The last Canadian to be killed was George Lawrence Price, two minutes before the armistice on November 11, 1918
He is traditionally recognized as the last soldier to be killed in the First World War
The Treaty of Versailles
It was a peace treaty signed on the 28 of June, 1919, exactly 5 years after the assassination of Archduke Franz Ferdinand. This was one of the many treaties signed between the Allied Powers and the Central Powers - the Treaty of Versailles ended the state of war between only Germany and the Allies.
However, it is the most famous, as it blames the entire war on Germany (Article 231, War Guilt clause). Germany was forced to disarm, hand over all its colonies, and surrender parts of its territory to the winning side. In addition, Germany would also pay reparations to some of the countries that formed the Allied Powers.
The Treaty of Versailles forced Germany to pay 132 billion Marks, the equivalent of about 493 billion Canadian dollars today. Evidently, Germany was not able to repay this amount in time and fell into an economic depression. Public discontent paved the way for the National Socialist German Workers Party's rise in the 1930s.
Some of the many demands made in the Treaty of Versailles were:
An evacuation of German troops from Belgium, France and Luxembourg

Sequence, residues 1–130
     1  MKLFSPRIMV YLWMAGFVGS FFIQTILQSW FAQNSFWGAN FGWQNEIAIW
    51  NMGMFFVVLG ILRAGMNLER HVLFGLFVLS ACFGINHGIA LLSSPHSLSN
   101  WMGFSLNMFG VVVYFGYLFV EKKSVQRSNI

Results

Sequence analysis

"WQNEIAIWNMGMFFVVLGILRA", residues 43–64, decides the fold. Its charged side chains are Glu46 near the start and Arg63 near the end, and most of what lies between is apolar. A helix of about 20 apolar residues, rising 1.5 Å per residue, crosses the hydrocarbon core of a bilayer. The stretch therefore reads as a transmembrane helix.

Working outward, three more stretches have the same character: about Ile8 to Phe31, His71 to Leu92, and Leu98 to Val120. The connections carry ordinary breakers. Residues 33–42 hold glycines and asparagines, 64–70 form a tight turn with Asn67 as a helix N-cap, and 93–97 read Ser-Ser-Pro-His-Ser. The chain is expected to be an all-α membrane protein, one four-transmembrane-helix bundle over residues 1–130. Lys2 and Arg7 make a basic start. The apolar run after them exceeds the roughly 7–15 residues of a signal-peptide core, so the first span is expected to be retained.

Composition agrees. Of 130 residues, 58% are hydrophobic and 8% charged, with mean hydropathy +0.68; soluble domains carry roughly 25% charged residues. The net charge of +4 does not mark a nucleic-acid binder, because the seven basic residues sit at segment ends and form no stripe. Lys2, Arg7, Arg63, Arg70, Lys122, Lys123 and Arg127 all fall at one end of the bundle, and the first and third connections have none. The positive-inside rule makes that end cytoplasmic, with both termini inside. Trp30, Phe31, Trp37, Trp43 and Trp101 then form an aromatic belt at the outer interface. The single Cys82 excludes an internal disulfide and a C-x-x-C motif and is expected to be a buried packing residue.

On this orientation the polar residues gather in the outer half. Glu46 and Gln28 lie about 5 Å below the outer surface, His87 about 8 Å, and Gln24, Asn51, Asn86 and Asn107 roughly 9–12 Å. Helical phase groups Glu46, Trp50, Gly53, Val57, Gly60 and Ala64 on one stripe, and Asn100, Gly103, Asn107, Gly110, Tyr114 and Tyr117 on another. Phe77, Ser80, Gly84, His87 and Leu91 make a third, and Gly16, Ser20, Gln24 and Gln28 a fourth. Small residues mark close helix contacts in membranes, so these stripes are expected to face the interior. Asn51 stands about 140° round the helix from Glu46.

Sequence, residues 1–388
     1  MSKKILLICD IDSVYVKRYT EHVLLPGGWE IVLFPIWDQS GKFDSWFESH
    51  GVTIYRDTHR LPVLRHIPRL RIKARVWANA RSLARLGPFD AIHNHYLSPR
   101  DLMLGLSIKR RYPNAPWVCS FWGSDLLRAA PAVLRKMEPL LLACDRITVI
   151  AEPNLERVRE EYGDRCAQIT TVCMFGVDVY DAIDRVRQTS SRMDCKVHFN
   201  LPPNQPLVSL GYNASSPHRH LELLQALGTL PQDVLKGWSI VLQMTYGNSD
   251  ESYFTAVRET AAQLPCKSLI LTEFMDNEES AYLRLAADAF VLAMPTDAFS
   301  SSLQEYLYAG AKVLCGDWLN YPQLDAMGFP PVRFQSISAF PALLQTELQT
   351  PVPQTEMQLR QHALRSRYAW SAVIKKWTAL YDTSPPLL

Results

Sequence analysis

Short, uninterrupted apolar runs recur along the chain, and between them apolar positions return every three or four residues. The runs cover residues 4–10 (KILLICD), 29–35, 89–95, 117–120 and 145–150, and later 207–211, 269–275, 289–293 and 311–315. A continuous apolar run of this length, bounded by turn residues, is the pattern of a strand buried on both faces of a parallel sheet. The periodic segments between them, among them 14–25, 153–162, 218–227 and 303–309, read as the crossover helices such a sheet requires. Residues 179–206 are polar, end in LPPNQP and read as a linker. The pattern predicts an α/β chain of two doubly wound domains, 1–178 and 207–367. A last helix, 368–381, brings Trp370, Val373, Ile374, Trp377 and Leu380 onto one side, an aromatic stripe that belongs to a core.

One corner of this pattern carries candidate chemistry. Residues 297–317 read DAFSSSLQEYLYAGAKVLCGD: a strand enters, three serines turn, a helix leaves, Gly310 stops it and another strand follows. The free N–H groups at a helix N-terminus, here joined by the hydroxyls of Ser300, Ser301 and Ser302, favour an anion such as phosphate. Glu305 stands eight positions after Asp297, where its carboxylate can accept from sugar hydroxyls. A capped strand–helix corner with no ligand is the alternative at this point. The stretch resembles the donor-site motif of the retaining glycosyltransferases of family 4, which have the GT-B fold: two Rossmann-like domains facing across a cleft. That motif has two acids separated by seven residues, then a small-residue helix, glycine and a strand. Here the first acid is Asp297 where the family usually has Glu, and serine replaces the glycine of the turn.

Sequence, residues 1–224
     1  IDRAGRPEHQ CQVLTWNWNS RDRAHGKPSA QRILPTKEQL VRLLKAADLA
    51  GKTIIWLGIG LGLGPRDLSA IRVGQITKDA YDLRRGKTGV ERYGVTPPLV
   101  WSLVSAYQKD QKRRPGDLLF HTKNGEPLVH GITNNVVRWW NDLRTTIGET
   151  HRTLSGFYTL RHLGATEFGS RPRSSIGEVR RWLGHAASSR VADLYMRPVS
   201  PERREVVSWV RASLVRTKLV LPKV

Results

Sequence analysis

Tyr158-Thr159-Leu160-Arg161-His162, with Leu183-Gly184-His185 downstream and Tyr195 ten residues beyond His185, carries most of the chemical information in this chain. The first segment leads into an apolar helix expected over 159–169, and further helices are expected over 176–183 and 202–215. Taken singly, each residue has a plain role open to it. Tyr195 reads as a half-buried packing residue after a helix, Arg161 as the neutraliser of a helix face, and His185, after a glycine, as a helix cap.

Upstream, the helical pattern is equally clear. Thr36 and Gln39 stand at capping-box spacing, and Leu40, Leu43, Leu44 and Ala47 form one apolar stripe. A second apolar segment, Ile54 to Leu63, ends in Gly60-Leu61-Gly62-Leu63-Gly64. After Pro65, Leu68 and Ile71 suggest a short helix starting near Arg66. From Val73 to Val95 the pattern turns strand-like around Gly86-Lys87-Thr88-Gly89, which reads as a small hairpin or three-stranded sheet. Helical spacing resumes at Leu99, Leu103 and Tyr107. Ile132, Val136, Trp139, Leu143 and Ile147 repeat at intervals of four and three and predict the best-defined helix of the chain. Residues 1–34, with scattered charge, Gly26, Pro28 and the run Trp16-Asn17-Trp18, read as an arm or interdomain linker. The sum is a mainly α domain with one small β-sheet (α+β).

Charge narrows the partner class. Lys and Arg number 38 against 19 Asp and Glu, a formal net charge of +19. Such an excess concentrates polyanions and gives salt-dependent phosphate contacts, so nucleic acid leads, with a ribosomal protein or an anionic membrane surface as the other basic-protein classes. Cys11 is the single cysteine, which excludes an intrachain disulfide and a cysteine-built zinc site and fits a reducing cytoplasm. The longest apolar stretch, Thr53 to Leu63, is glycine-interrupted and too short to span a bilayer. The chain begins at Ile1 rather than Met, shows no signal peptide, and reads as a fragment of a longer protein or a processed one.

Allied occupation of the Rhineland (a region of Germany) for fifteen years
A cancellation of the Treaty of Best-Litovsk (when Germany won against Russia and took some of its land)
Parts of Germany given away to Belgium, Poland, France (Alsace-Lorraine is returned), the Czech Republic and Norway
By far the most outrageous and controversial demand made by the Allies was the restriction of Germany's military to 100, 000 men, 15 000 naval personnel and no air force to ensure that they never reached their full potential again. This proved to be disastrous, as a national military the size of a police force could hardly control the riots and street fights that broke out, which eventually lead to confusion, failed uprisings, and finally the National Socialist takeover of the government.
Do you think the Treaty of Versailles was fair?